The impact of IT changes, caused by disruptive technology within your organisation, are interpreted differently in the various parts of your organizations. Every group of users is looking from its own perspective and interest towards a change within IT. Your users don’t care about IT infrastructure. They just need it to work so they can do what they want, at any given time on every device. The Business teams are looking for a quick response to their (new) IT demands with fast leadtimes of the transformation. They need new technologies to explore the full possibilities of new markets and opportunities, or respond to (new) competition. Your IT department has to satisfy all groups, including themselves, without compromising their current performance, security and quality standards. And with an increasing pace, IT departments have to deliver more, faster, better and without extra costs.

So, here you have a disruptive technology, users, different business teams, executives and their requirements and use cases. We have decades of experience and knowledge in how to manage this in an IT project. For example, perform an assessment, create a design, have it validated and start your building, testing and implementing activities. And as long as the new technology is delivered within time, money and quality, you performed a good job.

However, I discovered a gap to breach. The part about people in these projects. People do want to change. However, they do not want to be forced to change. Organizations ignoring the importance of the human aspect within an IT Transformation, might end up with a piece of new technology which is only partly correct or even wrongly used.

The new technology is not adopted by command, nor by hanging out some posters, enabling an intranet site or sending newsletters and emails. When we talk about IT Transformations, we talk about dealing with people. All with different interests, demands and even emotions. It’s all about: “But we have always worked like this….”, “What’s in it for me?”, “Self-service? You mean less service!”, “Will my job still be there after this project?”, “I’m always the last to hear about …. “. So, if you want your IT Transformation to be sustainable and therefore successful in the long term, the focus on the human part is needed. Some areas to take into account:

  • Pay attention to culture. What culture is present now, and what culture suits the change / the desired outcome?
  • Role model behaviour and leadership. This is necessary for the culture change and the commitment for a change.
  • Build on trust and openness, so that any resistance can be discussed.
  • Assessment on the talent and knowledge of the staff. What are the people good at? What is the level of knowledge? Are people in the right position?
  • Listen to employees and managers on what they have to say about the IT Transformation.

Because an IT Transformation is not only about the new technology, but also about the people, you need to create a bigger plan. A plan which contains a broader vision why the transformation is needed. Relate the core values of the organization, to the added values of your change. Communicate key elements of the transformation, the use cases which are an improvement for the organization and what will be delivered in the end. How should you plan an IT transformation with the same focus on both technique AND people? That is the question managers need to answer, if they want to complete their IT Transformation successfully. But where to start? With many IT and consultancy suppliers performing a job on completing their project from only a technical point of view?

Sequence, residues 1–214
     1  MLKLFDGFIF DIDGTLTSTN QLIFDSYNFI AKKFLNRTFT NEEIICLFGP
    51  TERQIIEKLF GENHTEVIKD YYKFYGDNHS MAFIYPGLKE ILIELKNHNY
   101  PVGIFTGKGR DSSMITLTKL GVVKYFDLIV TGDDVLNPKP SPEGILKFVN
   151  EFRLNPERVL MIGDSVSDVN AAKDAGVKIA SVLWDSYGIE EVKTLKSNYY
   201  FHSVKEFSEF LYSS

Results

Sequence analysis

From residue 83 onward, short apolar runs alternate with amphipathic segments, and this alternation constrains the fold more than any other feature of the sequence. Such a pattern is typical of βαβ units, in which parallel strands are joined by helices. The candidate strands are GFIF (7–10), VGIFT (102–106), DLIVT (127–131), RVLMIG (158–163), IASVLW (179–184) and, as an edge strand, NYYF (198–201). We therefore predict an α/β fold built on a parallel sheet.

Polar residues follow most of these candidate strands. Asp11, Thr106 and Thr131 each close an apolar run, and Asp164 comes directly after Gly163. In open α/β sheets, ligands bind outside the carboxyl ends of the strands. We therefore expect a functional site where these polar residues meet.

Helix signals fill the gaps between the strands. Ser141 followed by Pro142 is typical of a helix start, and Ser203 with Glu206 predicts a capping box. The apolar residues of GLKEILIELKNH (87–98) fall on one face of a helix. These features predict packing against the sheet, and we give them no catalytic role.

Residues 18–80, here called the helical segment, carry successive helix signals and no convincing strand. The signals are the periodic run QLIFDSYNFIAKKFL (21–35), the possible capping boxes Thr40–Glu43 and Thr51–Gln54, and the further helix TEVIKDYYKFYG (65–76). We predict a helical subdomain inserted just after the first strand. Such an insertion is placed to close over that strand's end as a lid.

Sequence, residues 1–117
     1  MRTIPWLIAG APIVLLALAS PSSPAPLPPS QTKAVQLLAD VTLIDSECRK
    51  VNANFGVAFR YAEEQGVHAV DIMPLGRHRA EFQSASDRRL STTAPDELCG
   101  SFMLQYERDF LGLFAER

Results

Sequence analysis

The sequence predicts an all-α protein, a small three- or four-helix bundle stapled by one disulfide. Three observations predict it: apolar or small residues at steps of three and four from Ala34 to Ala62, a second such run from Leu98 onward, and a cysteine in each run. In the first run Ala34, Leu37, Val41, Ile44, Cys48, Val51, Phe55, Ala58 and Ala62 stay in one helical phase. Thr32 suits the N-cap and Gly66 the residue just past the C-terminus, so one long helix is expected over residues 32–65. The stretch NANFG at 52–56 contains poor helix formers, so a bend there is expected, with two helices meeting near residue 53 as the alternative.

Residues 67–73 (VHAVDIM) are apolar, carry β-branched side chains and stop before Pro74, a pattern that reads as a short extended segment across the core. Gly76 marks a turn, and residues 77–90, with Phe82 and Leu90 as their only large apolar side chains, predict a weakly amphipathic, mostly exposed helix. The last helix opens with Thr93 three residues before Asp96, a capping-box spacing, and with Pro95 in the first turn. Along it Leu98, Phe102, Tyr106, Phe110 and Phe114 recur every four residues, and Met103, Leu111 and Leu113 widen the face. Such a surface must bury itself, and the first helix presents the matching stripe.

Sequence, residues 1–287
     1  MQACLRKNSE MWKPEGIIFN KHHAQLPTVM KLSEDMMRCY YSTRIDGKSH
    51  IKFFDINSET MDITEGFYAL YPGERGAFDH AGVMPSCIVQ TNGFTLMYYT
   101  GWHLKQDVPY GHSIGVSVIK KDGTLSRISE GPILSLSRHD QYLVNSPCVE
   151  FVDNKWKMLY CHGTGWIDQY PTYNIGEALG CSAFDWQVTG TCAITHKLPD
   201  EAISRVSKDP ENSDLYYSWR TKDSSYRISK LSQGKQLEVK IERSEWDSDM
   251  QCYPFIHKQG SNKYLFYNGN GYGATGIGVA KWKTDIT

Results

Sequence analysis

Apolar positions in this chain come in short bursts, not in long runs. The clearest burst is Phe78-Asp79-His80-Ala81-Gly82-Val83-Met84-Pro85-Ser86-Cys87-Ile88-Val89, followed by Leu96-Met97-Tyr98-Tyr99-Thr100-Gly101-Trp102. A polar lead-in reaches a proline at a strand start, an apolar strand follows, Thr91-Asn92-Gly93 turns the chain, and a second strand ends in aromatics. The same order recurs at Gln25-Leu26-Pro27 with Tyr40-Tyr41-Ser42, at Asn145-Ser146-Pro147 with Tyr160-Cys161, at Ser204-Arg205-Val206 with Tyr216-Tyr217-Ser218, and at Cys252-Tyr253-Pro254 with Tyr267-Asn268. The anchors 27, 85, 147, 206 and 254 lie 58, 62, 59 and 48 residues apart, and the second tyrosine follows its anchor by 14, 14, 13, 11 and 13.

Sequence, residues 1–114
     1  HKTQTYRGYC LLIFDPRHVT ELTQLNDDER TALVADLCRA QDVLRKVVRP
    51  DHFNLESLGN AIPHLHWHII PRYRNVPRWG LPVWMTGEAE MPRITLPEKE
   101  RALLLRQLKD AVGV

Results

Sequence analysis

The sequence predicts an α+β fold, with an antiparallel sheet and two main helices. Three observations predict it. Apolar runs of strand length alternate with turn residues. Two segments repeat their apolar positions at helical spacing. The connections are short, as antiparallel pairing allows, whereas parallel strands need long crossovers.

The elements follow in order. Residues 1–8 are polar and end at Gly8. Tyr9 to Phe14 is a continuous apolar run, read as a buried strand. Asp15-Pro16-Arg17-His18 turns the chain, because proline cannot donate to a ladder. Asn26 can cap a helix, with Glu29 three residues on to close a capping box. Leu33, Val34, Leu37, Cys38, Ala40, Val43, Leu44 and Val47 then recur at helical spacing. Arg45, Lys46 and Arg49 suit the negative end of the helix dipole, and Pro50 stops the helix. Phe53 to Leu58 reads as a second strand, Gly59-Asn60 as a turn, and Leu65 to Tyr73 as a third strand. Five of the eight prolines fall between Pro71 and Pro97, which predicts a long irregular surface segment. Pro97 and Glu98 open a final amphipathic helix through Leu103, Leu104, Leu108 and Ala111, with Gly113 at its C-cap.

This is exactly why I like to start an IT Transformation with a preparation phase. Mind you, this is long before the actual technical implementation of the project will take place. In this phase I have three objectives in mind:

  1. Find out what the real trigger is behind the (proposed) idea or IT Transformation. Get to know the Why this new technology is so much wanted. Get to know the real need for changing the current IT environment.
  2. Define the stakeholders. Who are the sponsors, influencers, opponents and so on.
  3. Create a guiding coalition, assemble a group of people within the organization with the power and energy to lead and support a collaborative change effort. Involvement of the organization’s executive is needed.

The need for a guiding coalition is perfectly explained by J. Kotter. His second step, of his eight-step model, written down in his world famous book “Leading Change”, is about the creation of an guiding coalition. They are there to inspire others on why we have to change the IT infrastructure and they understand the impact on Technology AND people. This group, normally 2-4 persons, guides your IT Transformation through the process and is your steady rock in difficult times, and can and will make decisions with the  original vision in mind. The success of the IT Transformation effort largely depends on the quality of the guiding coalition and the trust and attention it gets from executive level.

Paul Legierse

Author Paul Legierse

I am a strong all-round manager in the field of organization-, project-, and line management. I am an innovative pragmatic , clients appreciate my focus on results and my vision on IT as a whole. In my profession I like to follow the ideas of Venkatraman, Carr, Benson, Nielen en Hinssen.

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26 September 2017

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